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Kitchener's Army

From Academic Kids

Following the outbreak of hostilities in the Great War the then British Secretary of State for War Horatio Kitchener, Lord Kitchener of Khartoum, advised forming a volunteer army of a million men. Officially called the "New Army" it was often referred to as Kitchener's Army.

Kitchener's Army represented a great turning point in the history of the United Kingdom: for the first time, the full effort of the nation and its people was committed to a massive land force fighting against other Great Powers on the Continent of Europe, with the Royal Navy playing an important but secondary role.


Image:Kitchener-Britons.jpg
Contents

Origins

Contrary to general Cabinet belief that the war would be over by Christmas of 1914, Kitchener predicted a long and brutal war in which, if timed right, the arrival of an overwhelming force of new, well-trained and well-led divisions would prove a decisive blow against the Central Powers. Kitchener fought off all opposition to his plan, and all attempts to weaken or water down its potential, including a piece-meal dispersal of the regiments.

The New Army proved its worth in many ways and was sorely tested in the Battle of the Somme and the Battle of Passchendaele, where Field Marshal Douglas Haig used the troops in a costly attrition strategy which has caused no end of controversy.

Following the failure of the Ludendorff Offensive in the Spring of 1918 Kitchener's New Armies performed a combined arms counter attack which drove the German forces out of Belgium with enormous casualties. Many hundreds of thousands of German soldiers were captured or surrendered; this, coupled with a revolution in Germany, led their generals to request an armistice, which came into force at 11 o'clock on November 11, 1918.

Recruitment

All six of the full armies were made up of volunteer recruits, which included the famous Pals' Battalions. Due to the huge numbers of men wishing to sign up, in places queues up to a mile long formed outside recruitment offices. There were many problems in equipping and providing shelter for them. Rapidly the Government added many new recruitment centres which eased the admissions burden and began a program of temporary construction at the main training camps.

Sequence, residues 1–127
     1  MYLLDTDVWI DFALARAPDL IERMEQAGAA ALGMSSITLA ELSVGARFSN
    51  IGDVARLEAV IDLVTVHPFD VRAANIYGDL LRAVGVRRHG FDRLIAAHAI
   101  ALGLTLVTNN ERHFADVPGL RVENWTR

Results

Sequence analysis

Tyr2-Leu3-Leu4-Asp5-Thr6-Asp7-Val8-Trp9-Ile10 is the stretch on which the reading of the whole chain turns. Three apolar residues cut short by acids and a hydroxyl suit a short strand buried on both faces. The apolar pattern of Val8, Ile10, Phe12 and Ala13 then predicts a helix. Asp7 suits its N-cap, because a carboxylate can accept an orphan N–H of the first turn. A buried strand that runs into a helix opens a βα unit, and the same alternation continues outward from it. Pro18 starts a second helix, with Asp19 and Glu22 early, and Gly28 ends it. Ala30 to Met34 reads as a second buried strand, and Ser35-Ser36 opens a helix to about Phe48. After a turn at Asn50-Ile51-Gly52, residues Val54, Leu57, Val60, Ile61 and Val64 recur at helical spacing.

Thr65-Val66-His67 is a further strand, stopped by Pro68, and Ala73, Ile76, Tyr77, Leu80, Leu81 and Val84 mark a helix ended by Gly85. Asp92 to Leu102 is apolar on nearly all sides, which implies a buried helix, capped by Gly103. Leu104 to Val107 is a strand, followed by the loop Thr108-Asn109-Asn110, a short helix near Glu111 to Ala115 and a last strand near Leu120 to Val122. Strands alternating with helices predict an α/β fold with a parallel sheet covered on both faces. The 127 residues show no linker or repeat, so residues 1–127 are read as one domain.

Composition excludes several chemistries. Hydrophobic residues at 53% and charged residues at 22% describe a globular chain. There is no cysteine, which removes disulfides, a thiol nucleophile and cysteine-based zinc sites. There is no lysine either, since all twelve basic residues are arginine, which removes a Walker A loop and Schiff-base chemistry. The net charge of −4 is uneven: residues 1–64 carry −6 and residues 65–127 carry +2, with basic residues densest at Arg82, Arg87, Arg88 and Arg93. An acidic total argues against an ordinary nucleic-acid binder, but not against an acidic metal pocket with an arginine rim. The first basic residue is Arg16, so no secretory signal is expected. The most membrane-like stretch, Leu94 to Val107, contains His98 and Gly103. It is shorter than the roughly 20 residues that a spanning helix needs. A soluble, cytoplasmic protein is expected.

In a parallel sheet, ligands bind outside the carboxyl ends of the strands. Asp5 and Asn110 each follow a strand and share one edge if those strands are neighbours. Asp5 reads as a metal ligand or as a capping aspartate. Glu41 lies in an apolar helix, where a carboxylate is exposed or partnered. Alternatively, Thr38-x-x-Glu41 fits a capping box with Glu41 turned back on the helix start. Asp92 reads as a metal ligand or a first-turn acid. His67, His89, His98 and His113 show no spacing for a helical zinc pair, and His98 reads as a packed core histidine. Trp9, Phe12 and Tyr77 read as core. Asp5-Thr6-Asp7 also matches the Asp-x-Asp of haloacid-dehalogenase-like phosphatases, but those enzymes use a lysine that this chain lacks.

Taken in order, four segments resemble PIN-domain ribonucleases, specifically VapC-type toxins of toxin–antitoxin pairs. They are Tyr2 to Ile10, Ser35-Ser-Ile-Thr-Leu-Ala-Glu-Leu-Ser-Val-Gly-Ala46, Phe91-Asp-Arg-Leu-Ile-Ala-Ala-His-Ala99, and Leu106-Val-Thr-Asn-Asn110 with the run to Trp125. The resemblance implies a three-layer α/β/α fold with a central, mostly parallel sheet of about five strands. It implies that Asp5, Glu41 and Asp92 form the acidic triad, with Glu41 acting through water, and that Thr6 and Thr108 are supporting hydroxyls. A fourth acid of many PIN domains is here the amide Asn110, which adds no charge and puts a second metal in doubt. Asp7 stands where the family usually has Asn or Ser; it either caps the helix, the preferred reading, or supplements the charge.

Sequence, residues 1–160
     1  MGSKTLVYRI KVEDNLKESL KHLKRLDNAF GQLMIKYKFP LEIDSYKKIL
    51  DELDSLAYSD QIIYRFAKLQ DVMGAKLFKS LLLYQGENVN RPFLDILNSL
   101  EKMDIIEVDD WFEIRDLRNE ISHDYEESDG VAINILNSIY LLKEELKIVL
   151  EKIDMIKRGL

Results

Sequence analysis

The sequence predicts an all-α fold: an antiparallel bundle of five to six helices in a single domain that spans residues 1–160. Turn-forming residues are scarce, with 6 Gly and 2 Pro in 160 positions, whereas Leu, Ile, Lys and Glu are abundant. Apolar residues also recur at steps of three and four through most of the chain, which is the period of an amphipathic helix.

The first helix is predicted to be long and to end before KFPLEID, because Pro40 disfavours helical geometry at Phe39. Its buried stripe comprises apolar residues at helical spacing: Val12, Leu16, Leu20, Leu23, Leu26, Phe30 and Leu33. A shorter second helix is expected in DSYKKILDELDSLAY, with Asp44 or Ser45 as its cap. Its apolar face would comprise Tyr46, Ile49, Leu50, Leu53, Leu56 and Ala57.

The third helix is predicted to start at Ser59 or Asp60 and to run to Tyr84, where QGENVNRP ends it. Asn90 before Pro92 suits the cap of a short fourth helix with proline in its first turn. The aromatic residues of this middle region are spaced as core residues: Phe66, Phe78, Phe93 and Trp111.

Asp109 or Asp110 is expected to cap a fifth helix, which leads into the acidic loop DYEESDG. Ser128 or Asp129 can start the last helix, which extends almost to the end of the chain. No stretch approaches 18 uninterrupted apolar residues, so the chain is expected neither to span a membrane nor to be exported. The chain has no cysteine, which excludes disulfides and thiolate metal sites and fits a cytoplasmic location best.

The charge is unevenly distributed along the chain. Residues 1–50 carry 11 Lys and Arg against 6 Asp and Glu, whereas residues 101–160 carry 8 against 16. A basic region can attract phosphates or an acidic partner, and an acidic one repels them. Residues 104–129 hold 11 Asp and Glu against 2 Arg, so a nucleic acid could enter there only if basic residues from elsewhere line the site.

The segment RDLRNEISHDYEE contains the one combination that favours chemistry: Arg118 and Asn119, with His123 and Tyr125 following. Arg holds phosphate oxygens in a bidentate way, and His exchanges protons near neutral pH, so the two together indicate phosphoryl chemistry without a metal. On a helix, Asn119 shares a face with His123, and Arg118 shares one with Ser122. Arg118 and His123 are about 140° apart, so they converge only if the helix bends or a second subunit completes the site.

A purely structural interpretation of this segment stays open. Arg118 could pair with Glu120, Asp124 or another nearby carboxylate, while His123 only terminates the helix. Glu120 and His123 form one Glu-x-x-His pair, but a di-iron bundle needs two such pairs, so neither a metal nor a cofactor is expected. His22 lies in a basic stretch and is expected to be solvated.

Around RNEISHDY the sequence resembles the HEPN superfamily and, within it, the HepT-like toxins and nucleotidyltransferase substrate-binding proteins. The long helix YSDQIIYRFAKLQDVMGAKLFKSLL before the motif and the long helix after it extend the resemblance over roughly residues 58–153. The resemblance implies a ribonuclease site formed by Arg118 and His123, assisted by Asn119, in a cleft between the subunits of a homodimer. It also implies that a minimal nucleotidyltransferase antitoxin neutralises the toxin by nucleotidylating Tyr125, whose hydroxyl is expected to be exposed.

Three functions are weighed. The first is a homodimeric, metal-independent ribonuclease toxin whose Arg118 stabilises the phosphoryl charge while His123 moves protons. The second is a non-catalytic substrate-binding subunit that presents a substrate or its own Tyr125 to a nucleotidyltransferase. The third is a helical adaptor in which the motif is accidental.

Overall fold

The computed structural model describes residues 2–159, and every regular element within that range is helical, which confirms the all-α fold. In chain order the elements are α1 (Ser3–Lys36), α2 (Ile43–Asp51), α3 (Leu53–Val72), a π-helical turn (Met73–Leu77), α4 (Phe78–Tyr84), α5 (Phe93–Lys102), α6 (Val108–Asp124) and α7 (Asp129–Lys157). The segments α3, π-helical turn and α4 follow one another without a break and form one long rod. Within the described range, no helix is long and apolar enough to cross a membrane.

Training

In theory a recruit who was accepted into the army was first sent to his Regimental depot, where he would receive his kit and be given an introduction to army discipline and training, before being sent to the main training camps to join his battalion. In practice, no Regiment had the required stocks of equipment, or the manpower to train the flood of recruits, men were trained in their own clothes and shoes. In order to mitigate this problem, old stored uniforms, including 1st Boer War vintage red jackets, were issued. Some Regiments bought their own uniform and boots with money paid from public collections. Many Regiments were also issued with emergency blue uniforms, popularly known as Kitchener Blue.

Missing image
10th_(Irish)_Division_at_Basingstoke.jpg
A Church of England service at the 10th (Irish) Division's camp at Basingstoke in 1915.

In order for the soldiers to be able to show which unit they belonged to whilst this crisis went on, they wore regimental and unit badges or patches on their clothing. Many photographs from the era show uniformed soldiers drilling alongside civilian clothed soldiers, perhaps led by red jacketed NCOs. The Regiments also suffered from a lack of officers to train them and the government called up all reserve list officers and any British Indian Army officer who happened to be on leave in the UK during the period. More new officers were created, when their commanding officers were encouraged to promote them from the ranks.

Weapons also proved to be a problem, no artillery pieces had been left in Britain to train new artillery battalions, and most regiments had to drill with obsolete rifles or wooden mockups.

By early 1915 many of these problems had been overcome, in one way or another, including pressing into use old ceremonial cannons and unfinished modern artillery pieces (they lacked targeting sights) and as 1915 progressed even these shortages were made good.

Structure

Kitchener's New Army was made up of the following Army Groups and Divisions:

K1 Army Group 
K2 Army Group 
K3 Army Group 
K4 Army Group 

Broken up into reserve regiments.

K5 Army Group 

Redesignated K4 following break up of original K4.

K6 Army Group 

Redesignated K5 following redesignation of original K5.

See also

External Links

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